Sharon

Sunday, March 30, 2014

Lasting impressions

This AWOL trip is the last trip I will take as a BVU student. Traveling has been one of the most important and influential aspects to my education at BVU. My experience at West Haven has been the most mentally challenging trip I have had the privileged to go on. It was challenging for me to prepare for this trip because I didn't have much experience working with disabled people. I didn't know what to expect or how I would react.

After reaching West Haven, it was very evident to me that I wasn't mentally prepared to interact with people that have severe disabilities. I felt awkward. I felt scared. I felt hungry to be able to help, but I didn't know how. I soon realized that I could help by simply being there. By feeding someone who can't feed themselves. Even though it was awkward for me at first, it was a very humbling experience. My help with this seemingly rudimentary task, helped lift the work load from the staff. Sometimes all I was able to do and all I needed to do was sit with someone in a wheelchair or who was bedridden. I found it easy to fill voids left by overloaded employees and random chaos.

In the end, I was as prepared as I could be. My preparedness didn't mean that it was easy or that I wasn't challenged. It was challenging for me to wrap my mind around how the facility functions at this capacity, how the disabled people's thoughts were constructed, what they were thinking about, and how to solve some of the problems that still plague West Haven to mention a few. I found how I fit into the picture for the week, but I struggled to find my take away message. What could I get out of this experience besides lending a helping hand? I found that I physically saw unconditional love. I learned the power of love and saw it first hand. This will be something I weave into my everyday life.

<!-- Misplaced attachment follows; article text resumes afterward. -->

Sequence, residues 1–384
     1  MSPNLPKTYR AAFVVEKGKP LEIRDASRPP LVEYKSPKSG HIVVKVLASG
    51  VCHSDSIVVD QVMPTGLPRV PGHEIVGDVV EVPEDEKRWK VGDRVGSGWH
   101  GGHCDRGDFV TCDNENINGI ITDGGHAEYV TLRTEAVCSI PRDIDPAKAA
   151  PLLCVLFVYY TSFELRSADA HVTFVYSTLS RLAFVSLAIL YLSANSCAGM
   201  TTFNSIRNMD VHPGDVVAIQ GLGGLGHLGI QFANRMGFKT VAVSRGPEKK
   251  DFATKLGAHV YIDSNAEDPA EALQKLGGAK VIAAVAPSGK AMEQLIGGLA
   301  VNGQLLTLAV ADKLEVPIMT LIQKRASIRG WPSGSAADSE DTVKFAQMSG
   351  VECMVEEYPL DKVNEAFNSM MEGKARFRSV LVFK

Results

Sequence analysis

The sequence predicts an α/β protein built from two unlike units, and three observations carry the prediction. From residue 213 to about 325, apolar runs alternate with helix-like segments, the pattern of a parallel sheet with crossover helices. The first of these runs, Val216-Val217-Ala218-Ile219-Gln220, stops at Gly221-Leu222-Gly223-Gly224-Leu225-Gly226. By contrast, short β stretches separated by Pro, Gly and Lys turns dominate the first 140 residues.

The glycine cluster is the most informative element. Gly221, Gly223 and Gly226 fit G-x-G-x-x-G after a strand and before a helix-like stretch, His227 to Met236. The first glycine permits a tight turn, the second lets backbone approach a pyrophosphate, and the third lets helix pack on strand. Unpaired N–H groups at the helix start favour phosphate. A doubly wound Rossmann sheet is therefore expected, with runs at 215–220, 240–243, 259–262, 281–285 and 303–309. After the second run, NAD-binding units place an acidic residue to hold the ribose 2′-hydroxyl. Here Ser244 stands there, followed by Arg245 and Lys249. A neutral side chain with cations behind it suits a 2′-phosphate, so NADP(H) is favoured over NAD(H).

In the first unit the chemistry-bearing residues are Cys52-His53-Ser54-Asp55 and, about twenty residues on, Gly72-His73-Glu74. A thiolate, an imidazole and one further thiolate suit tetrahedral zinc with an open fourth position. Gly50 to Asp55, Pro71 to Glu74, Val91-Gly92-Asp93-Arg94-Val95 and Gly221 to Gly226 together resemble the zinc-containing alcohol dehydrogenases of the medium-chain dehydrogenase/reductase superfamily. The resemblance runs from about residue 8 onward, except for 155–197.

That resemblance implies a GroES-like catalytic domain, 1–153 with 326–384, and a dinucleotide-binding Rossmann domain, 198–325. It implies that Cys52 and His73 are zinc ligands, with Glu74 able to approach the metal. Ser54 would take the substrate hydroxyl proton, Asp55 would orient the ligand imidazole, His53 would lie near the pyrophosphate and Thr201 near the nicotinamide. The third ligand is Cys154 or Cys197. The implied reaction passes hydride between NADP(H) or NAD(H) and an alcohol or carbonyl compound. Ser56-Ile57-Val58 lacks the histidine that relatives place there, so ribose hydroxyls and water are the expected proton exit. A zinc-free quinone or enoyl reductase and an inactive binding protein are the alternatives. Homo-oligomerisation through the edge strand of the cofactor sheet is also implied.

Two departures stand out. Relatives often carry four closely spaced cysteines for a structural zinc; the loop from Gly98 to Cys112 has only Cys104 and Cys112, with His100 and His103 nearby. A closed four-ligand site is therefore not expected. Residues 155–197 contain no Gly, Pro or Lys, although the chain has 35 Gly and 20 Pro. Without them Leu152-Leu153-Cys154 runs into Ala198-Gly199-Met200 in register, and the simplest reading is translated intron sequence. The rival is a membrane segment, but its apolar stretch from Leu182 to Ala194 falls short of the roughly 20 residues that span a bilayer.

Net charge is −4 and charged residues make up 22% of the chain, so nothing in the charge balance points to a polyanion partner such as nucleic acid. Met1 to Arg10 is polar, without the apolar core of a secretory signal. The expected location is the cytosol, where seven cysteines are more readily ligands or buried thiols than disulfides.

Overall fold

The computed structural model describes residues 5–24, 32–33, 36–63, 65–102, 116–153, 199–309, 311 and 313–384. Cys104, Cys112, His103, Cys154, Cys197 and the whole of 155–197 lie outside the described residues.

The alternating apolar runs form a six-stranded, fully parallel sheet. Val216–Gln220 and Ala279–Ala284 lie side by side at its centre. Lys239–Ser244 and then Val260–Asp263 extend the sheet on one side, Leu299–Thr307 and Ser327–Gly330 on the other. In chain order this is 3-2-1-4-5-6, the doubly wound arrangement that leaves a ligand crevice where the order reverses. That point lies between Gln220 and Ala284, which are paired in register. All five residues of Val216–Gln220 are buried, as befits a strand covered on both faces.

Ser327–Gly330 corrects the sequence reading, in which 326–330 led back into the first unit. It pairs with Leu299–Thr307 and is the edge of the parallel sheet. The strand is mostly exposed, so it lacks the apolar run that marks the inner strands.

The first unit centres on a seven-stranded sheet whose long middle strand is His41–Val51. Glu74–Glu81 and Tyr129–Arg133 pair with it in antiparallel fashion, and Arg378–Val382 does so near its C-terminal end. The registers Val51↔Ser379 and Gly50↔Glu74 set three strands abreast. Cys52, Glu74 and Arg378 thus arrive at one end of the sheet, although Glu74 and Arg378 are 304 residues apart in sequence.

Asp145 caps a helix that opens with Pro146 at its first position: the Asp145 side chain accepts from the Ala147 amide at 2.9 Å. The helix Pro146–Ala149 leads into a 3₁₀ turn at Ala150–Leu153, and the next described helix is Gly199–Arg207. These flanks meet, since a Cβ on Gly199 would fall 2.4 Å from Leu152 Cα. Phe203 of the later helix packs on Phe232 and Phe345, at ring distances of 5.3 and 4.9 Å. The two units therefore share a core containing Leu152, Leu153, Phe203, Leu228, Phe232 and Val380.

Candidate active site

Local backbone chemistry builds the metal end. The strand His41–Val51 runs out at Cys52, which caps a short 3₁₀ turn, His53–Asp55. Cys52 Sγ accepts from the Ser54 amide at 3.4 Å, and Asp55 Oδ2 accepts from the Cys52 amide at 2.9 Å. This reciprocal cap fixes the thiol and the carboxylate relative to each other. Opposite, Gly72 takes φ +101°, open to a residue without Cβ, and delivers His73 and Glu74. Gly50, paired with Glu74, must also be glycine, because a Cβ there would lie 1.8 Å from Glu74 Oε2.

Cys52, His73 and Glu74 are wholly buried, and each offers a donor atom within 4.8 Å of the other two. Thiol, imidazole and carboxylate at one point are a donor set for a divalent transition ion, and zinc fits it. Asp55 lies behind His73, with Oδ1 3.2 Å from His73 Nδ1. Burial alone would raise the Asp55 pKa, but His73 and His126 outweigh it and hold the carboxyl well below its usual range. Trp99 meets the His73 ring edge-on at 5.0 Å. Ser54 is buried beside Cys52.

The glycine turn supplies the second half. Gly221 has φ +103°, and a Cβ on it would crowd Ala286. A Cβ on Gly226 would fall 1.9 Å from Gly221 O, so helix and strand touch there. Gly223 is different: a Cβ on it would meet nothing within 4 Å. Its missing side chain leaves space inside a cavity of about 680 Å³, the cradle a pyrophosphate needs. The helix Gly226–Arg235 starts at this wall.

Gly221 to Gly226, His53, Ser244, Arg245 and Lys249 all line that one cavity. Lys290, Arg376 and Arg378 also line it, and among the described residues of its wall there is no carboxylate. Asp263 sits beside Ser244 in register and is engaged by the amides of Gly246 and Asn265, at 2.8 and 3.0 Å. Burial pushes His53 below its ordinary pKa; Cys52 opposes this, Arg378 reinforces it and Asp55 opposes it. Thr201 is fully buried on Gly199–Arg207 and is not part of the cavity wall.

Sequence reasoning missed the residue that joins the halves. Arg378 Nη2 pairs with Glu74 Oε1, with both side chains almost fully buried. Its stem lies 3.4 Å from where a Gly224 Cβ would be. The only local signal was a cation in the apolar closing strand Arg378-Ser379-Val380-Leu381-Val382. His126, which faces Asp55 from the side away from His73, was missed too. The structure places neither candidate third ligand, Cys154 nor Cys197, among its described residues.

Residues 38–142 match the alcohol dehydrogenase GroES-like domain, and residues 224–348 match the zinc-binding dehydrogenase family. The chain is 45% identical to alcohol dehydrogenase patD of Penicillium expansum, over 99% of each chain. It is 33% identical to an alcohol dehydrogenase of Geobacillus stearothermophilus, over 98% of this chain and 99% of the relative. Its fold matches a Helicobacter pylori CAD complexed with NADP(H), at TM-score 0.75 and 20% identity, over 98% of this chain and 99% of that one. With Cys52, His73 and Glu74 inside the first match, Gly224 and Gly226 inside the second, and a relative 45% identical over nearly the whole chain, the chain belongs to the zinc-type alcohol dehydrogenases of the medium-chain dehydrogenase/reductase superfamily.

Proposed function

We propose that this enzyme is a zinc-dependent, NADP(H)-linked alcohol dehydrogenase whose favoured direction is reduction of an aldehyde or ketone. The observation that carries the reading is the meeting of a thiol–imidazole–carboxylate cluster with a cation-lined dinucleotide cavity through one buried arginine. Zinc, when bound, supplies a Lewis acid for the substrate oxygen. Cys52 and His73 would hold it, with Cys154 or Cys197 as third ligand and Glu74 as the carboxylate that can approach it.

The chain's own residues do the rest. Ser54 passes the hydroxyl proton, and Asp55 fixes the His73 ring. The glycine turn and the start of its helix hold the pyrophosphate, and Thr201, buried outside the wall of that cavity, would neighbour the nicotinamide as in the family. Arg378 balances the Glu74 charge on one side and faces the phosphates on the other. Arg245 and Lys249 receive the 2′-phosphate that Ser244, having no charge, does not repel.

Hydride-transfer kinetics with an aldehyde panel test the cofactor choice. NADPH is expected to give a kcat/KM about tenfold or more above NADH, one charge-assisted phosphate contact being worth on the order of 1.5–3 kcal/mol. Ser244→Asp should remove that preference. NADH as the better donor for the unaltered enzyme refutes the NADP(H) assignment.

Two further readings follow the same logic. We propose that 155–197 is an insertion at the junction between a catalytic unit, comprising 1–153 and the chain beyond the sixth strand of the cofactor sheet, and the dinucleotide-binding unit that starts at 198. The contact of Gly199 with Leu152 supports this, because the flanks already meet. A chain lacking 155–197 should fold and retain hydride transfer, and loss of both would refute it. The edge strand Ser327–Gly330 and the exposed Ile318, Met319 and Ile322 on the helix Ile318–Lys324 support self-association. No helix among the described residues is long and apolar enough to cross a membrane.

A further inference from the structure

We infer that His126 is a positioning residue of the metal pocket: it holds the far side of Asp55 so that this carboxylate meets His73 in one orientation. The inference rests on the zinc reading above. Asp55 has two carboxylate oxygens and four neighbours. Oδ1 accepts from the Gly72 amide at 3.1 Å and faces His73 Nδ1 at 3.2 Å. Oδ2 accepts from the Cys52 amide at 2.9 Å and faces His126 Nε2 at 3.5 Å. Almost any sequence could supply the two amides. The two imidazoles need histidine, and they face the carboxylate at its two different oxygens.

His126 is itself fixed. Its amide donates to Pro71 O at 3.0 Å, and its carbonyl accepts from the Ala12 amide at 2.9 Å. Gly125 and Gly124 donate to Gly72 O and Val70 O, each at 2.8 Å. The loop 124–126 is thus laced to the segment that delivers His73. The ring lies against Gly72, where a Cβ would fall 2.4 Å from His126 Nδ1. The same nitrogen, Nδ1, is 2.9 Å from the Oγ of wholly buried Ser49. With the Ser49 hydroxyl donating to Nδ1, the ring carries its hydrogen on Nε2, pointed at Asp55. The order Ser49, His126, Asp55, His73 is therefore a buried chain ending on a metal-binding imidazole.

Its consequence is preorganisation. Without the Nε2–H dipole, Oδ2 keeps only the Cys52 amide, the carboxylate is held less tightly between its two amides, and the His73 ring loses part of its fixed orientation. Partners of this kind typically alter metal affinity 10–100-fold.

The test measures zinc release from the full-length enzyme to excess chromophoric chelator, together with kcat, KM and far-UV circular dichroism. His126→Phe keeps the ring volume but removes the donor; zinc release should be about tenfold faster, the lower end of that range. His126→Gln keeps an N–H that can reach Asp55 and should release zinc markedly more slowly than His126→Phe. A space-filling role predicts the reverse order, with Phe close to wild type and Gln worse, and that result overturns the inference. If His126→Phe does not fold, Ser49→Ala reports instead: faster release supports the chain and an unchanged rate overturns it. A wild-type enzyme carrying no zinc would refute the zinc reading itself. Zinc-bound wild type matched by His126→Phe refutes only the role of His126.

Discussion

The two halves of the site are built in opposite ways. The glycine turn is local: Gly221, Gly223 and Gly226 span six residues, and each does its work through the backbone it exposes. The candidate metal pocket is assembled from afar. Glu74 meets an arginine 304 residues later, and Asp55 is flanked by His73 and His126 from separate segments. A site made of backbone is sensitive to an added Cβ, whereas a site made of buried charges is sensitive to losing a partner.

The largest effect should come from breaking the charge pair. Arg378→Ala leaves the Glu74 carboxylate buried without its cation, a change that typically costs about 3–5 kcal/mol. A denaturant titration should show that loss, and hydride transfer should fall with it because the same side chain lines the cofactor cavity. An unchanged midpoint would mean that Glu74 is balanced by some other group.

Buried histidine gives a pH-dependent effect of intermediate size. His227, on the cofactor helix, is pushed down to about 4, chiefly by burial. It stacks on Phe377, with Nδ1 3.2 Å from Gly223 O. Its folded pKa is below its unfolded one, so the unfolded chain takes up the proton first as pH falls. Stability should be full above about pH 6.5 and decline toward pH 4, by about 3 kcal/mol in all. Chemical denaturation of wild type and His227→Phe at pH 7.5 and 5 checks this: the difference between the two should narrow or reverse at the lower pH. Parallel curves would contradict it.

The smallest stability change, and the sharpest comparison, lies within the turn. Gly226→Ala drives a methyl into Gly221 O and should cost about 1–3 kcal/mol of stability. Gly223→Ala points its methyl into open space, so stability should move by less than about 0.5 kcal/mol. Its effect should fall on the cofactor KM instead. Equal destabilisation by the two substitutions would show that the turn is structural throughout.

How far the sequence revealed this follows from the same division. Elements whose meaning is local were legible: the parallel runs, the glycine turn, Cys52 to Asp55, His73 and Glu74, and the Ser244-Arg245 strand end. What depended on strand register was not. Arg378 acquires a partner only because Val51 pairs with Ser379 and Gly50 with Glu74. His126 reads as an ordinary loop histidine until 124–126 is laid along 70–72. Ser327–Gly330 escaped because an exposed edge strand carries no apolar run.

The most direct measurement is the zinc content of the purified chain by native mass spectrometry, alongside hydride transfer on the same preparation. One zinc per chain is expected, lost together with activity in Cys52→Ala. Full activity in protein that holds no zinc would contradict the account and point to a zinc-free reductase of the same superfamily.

I also stepped out of my comfort zone. I tend to think that I have a rather expansive comfort zone that is rarely challenged, but I humbly learned on this trip that it isn't too hard to find populations or experiences that are still uncomfortable for me. I can conquer my fears associated with being uncomfortable and skillfully find my niche.